By Mayimuna Nabagereka
The fallacy in the thesis that students learn best in their own tounge and their own surroundings is quickly exposed by the high failure rates in Tanzania’s Std VII “exams” and the equally poor results by Form IV students in the subject called Kiswahili, much worse than in another subject called physics, how do you explain that?
I dont know what prompted Nyerere to do such a disservice to Tanzanians.Nyerere was very comfortable speaking classics (in fact, he translated 6 of them from Shakespeare and the Septuagint o Kiswahili); Slaa (before he changed calls) was quite at home in English and, though he prays in Latin or Kimang’ati, he preferred in his Homilies to refer to the Greek version of the Bible rather than the King James version. And yet nobody doubts Nyerere’s or Slaa’s intellect and their “presentation” skills.
In short, I keep falling back inexorably to the same conclusion: those who are asking us to invent new wheels and pulleys by adopting our local languages as a medium of instruction are people with some sort of failings – human failings, to be sure, but failings all the same – for which they are looking for a scapegoat. They think the scapegoat is English but they are wrong.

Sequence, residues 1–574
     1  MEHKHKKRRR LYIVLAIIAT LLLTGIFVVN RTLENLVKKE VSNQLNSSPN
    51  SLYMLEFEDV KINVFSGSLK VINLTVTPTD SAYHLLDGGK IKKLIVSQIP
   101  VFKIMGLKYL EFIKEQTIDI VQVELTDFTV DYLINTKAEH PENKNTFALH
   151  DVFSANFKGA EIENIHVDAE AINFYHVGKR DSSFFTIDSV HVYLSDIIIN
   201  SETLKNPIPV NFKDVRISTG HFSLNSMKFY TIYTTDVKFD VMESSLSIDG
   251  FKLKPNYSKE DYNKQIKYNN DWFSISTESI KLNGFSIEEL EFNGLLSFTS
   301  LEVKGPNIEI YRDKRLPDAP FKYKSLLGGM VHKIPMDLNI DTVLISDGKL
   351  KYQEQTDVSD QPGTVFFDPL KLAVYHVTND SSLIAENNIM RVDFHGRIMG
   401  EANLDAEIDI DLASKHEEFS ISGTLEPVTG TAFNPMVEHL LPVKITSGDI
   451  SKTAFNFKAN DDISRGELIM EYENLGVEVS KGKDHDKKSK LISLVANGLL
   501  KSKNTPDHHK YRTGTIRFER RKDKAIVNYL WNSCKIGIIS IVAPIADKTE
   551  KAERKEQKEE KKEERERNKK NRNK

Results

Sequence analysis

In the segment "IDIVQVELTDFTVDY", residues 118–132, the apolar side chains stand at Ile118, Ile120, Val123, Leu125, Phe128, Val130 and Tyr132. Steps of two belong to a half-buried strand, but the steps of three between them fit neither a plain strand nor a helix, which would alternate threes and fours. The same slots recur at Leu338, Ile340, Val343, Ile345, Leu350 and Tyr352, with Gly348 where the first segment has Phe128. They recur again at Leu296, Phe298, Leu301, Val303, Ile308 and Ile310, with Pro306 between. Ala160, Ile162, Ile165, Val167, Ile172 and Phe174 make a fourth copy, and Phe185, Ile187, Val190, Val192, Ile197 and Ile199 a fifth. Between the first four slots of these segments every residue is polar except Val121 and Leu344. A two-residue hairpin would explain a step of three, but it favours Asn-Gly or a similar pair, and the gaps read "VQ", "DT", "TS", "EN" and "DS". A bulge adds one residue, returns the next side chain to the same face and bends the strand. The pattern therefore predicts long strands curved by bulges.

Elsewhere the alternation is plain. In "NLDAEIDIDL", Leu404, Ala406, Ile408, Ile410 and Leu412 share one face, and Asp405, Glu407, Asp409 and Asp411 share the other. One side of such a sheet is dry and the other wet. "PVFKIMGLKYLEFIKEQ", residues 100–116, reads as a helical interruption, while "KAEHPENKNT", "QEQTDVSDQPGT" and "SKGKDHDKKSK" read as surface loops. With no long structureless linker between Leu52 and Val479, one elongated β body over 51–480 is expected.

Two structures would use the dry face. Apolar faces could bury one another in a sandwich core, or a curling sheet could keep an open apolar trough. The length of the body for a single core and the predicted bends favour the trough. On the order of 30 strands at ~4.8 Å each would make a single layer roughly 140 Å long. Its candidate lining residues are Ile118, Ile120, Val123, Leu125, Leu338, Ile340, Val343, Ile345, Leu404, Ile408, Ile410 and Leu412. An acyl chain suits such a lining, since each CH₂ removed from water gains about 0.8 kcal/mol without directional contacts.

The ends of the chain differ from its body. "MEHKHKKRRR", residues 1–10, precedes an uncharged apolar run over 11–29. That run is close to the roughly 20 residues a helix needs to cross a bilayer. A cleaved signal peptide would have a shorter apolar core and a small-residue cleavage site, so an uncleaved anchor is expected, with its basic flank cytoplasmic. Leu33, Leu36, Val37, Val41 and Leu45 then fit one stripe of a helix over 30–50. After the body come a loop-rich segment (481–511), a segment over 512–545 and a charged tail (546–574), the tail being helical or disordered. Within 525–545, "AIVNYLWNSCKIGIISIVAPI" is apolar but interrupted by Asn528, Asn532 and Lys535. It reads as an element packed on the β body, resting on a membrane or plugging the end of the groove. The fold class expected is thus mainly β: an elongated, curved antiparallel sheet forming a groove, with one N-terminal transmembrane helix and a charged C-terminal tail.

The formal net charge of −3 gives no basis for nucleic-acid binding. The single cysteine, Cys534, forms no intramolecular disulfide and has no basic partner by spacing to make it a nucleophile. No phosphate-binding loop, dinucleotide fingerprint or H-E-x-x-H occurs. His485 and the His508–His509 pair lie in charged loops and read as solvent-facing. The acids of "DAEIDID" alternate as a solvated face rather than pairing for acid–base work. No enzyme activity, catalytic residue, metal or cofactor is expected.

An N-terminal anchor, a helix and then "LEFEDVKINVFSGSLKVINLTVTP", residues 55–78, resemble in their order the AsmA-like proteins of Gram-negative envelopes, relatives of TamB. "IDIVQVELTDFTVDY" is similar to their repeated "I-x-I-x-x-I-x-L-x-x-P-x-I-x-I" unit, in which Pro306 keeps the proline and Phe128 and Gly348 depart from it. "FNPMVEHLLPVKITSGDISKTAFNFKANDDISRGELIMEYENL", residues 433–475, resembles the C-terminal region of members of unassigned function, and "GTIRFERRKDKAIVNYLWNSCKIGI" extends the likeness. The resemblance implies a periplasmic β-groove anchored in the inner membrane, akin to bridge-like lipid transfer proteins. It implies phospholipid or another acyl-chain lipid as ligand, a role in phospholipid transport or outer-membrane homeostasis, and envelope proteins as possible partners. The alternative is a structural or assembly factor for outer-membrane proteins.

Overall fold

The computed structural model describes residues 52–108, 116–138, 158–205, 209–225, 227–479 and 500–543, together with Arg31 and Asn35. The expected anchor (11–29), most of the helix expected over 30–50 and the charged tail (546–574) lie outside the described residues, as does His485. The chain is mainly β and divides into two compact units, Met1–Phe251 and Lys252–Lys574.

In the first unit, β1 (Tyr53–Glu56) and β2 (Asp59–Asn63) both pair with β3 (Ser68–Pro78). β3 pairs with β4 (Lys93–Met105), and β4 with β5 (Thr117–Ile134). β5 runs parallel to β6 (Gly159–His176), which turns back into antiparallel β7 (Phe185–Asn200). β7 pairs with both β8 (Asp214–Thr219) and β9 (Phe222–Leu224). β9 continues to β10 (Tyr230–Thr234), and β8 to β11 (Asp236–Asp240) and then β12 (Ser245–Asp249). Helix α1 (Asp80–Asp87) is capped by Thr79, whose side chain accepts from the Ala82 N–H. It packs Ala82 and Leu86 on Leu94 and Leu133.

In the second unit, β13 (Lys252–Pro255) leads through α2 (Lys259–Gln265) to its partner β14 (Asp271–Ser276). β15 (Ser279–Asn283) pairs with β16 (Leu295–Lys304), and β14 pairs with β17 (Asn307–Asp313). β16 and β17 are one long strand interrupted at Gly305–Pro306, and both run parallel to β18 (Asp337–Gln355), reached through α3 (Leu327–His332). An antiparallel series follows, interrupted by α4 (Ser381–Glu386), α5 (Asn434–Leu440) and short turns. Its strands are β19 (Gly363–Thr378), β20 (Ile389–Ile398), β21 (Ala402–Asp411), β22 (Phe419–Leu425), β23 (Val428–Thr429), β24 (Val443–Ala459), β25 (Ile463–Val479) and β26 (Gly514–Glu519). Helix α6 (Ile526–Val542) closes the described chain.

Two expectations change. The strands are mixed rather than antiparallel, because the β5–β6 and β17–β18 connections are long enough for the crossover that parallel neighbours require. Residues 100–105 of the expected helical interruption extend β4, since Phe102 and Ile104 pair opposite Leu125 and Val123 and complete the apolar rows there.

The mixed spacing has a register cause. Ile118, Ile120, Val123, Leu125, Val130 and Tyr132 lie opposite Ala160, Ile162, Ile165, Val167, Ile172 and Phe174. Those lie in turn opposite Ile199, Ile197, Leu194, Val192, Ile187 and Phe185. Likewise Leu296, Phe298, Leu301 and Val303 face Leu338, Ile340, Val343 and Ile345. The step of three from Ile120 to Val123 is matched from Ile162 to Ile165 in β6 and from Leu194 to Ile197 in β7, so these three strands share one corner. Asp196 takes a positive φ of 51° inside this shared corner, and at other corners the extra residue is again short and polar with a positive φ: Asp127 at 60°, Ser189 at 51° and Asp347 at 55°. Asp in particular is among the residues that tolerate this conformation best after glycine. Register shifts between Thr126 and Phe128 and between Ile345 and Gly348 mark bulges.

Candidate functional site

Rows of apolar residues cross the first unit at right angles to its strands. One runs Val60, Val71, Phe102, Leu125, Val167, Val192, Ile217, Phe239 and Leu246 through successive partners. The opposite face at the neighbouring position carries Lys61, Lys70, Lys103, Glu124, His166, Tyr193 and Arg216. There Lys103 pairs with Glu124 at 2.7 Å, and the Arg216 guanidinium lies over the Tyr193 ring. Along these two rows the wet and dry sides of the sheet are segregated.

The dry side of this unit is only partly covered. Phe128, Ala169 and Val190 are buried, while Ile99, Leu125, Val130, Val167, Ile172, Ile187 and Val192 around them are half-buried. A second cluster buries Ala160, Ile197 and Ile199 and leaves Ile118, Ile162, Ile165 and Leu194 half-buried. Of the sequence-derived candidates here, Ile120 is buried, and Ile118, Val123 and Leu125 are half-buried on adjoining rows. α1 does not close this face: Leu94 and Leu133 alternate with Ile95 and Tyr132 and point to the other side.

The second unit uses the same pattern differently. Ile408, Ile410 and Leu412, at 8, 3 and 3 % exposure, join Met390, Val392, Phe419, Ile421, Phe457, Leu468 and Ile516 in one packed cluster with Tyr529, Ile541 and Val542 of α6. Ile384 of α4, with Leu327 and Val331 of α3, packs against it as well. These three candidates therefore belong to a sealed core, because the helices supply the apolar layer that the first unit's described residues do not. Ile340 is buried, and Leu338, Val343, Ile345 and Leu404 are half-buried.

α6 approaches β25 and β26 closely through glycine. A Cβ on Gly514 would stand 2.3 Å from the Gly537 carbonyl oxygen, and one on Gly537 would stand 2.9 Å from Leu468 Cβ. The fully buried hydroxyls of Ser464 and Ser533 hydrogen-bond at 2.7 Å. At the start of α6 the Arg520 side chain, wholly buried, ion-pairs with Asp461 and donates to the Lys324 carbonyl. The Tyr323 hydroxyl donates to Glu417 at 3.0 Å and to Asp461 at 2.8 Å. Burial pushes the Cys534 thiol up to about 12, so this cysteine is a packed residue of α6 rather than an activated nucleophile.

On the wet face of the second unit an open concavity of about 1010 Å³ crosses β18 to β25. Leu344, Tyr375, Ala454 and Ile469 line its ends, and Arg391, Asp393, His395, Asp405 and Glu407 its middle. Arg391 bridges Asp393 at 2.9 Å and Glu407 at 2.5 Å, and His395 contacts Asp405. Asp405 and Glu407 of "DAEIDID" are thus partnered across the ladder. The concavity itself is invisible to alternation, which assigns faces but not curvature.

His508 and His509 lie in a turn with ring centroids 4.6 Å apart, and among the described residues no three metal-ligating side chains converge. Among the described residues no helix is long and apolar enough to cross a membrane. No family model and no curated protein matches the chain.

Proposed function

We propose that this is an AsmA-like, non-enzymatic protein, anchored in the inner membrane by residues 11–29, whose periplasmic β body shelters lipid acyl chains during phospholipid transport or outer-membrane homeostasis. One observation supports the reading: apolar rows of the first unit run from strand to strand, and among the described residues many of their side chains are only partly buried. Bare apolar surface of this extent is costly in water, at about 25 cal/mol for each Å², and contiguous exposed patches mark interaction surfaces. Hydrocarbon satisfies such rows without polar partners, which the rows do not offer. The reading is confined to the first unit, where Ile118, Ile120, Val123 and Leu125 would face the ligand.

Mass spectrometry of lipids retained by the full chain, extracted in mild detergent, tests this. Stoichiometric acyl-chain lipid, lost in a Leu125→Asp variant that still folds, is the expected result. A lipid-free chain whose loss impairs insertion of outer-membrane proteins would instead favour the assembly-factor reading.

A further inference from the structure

A smaller group (I call them pseudo-patriots) think that it is a fight against colonialism and imperialism, citing the French and the Japanese and the Germans as people who use their “own” language. This is also wrong: the Japanese boy speaks Japanese and leaves with Japanese from the day he is born.
I have met many professionals who were educated in the sixties and in the seventies that always left me impressed and deeply respectful of their expertise. If we want to improve our education standards, stop these damned experiments and use the money to pay our teachers well.For each shilling spent on this doomed experiment, let us give salary increments to our teachers.Our education needs to improve, no question about that.